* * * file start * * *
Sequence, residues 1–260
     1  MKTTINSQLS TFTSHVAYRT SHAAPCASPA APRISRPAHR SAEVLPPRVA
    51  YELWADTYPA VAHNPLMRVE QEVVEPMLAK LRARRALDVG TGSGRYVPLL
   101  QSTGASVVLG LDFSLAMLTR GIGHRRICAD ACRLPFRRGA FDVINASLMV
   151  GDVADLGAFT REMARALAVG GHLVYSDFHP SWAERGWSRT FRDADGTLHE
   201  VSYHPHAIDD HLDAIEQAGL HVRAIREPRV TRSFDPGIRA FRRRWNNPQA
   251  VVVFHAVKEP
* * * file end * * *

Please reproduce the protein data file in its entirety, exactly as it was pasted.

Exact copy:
Sequence, residues 1–260
     1  MKTTINSQLS TFTSHVAYRT SHAAPCASPA APRISRPAHR SAEVLPPRVA
    51  YELWADTYPA VAHNPLMRVE QEVVEPMLAK LRARRALDVG TGSGRYVPLL
   101  QSTGASVVLG LDFSLAMLTR GIGHRRICAD ACRLPFRRGA FDVINASLMV
   151  GDVADLGAFT REMARALAVG GHLVYSDFHP SWAERGWSRT FRDADGTLHE
   201  VSYHPHAIDD HLDAIEQAGL HVRAIREPRV TRSFDPGIRA FRRRWNNPQA
   251  VVVFHAVKEP